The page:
No matter what we do, the ability to network and connect with people is an important skill to have:  it is both a part of our jobs and our everyday life. Beyond just knowing people, we need to know how to connect with them in a genuine way that adds value to their life. No one wants a relationship with someone they perceive as insincere, like a used car salesman!

I still remember the first person I met when I attended Park Community Church for the first time:  Deb Knupp. Deb is one of the most outgoing, friendly individuals I have ever met; her warmth made me feel right at home. Rarely have I had such good first impressions with people as I had with her, and over the years we have become great friends. Deb is a natural networker and connector, and watching her has taught me a lot.

A couple months ago we invited Deb to speak on her mastery of networking at our Barnabas Quarterly Gathering in the Loop. Here are some of her thoughts on the subject.  

Networking is more than just a relationship skill; it's a life skill.

Have you ever felt like you would rather get a root canal than go to a networking event? Or perhaps you are on the other side of the spectrum and think to yourself, even though these people are strangers, I am going to meet someone awesome! These are the two extremes, but most of us tend to fall somewhere in between. Wherever you find yourself, I have come up with four fundamental keys to networking success that we should all be applying when engaging with other people. I hope these keys will make networking either less painful or even more enjoyable for you.

The first fundamental key is to focus on building authentic relationships. Between believers it is easy to understand the importance of actually caring about each other and translating that into authentic relationships. But in the marketplace, how can we as leaders go beyond seeing people as a means to an end—to reaching our bottom line? This is where our faith comes in and gets put into practice through what I call "The Three Ins:"  three authentic reasons through which we can engage with people and develop deeper and more fruitful relationships.

The Three Ins:

  1. Invitation – invite people to engage in things that they want to engage in. Invitations are one of the most successful ways to develop an authentic relationship, especially if you are inviting someone to something that they desire to do, and find both valuable and edifying.

  2. Introduction – we live in a world where people want to meet other people. A wonderful way to engage with people and build a fabulous network is to help other people meet people they want to meet.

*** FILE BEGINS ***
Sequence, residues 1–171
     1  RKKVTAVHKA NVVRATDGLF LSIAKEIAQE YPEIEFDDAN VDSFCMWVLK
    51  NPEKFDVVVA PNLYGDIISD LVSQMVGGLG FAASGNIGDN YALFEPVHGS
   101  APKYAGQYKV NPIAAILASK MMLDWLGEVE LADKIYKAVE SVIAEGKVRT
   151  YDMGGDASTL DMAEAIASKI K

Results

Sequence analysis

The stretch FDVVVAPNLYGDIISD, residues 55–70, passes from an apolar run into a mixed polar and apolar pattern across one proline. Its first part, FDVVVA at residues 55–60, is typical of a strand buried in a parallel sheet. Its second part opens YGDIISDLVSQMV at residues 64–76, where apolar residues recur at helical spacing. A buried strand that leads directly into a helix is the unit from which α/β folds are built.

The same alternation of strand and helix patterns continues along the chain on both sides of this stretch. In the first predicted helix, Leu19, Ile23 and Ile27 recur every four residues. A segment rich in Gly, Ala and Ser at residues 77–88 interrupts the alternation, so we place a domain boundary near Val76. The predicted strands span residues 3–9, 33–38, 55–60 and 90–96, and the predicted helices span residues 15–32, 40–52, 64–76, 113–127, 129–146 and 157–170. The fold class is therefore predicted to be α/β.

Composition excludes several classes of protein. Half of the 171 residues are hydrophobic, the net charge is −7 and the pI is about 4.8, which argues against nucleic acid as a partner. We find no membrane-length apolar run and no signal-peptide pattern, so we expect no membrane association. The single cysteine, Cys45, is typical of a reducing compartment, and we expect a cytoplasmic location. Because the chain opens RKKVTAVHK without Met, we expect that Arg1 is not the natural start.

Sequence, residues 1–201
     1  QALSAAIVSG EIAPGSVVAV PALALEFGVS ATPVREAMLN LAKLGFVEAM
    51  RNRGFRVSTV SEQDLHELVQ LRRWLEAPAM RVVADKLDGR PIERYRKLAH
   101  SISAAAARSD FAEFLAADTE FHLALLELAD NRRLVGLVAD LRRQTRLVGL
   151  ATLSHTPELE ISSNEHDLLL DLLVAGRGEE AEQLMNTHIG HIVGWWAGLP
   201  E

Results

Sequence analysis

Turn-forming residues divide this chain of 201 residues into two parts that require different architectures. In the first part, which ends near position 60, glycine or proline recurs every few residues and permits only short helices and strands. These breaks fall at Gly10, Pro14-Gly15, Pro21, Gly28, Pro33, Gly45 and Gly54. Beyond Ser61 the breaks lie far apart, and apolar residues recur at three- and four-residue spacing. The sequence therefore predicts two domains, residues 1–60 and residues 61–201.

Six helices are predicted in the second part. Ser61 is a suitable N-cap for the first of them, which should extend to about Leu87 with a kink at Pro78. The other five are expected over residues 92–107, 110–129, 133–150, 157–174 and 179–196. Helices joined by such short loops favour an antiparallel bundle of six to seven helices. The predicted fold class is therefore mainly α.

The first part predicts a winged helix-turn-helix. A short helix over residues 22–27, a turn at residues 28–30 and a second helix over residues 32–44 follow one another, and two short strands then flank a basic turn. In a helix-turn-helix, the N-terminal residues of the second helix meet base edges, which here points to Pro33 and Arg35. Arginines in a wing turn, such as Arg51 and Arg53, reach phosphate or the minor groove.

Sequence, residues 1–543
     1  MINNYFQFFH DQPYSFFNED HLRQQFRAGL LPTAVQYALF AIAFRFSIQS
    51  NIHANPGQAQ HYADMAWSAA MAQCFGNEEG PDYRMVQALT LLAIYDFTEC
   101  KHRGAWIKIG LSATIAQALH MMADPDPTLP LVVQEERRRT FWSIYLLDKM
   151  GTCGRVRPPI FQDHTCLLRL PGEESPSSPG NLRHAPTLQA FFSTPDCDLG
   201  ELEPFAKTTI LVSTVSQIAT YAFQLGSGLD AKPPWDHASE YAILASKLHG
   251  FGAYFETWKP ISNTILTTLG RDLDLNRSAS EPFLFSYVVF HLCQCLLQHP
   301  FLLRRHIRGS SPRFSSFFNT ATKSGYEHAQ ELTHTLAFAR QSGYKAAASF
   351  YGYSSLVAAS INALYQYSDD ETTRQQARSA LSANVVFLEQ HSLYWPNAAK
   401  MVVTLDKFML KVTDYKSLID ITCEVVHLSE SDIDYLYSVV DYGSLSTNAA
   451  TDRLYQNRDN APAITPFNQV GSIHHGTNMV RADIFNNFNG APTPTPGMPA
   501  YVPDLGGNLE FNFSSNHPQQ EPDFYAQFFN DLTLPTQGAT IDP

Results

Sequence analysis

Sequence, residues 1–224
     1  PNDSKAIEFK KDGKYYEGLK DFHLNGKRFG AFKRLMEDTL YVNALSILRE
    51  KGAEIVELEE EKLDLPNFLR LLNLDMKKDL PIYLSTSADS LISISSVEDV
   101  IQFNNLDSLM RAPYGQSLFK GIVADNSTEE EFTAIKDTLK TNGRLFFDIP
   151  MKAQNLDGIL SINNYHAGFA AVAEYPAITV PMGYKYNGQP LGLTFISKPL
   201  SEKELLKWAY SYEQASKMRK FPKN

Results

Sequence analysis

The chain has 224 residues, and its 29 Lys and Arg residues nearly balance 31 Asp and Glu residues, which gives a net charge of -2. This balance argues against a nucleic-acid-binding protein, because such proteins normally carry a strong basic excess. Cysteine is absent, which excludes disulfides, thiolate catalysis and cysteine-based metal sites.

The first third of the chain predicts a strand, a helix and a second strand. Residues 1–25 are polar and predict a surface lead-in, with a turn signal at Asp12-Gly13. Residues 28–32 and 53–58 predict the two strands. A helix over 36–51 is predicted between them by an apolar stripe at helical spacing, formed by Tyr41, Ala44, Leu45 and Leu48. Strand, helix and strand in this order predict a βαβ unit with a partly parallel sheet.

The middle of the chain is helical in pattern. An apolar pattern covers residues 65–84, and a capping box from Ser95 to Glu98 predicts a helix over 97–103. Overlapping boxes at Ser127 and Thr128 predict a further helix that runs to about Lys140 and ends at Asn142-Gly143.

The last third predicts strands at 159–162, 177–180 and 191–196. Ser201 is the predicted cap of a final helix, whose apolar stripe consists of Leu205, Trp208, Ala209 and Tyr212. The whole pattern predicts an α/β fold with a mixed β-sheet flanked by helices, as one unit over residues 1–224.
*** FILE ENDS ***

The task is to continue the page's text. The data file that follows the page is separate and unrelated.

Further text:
3. Information/Insight – it is a blessing when other people take interest in our lives and go beyond to find information or give insight into the things that we are already doing. This can lead to deeper trust and a more genuine relationship.

The second fundamental key is the "Platinum Rule." The Platinum Rule goes beyond the Golden Rule. It is not just about doing unto other people as we would want done to ourselves, but about doing unto other people as they would want done to themselves. In other words, it is meeting other people where they are. It takes more compassion and empathy to meet other people where they are most comfortable and confident. We have to listen and speak to them wisely so that eventually they will want to engage in the things we are interested in.

The third fundamental key is to have a heart for service and to act on it. Networking is an act of service. As believers in the workplace, we know that God has bestowed upon us gifts to use to serve other people. We may still be in the process of discovering our unique gifting, but that should not stop us from taking every opportunity to bless other people with words of encouragement, messages of truth, grace, and/or empathy, or even a job opportunity. Offering others-centered solutions is a way to nurture high-value networks.

The fourth and final fundamental key is to secure definitive next steps. One of the most powerful things we can do as believers is to live our faith through words of truth and a life of integrity. Too often we fall into the trap of using trite phrases like "we should get together," or we promise to follow up with people, but never do. When next steps are immediately defined, we chose to not leave it up to chance, but to recognize and act on the fact that God has called us to engage with this person. Try to, in the moment, establish what your next steps together will be and how you can create a mutual kingdom-enhancing benefit!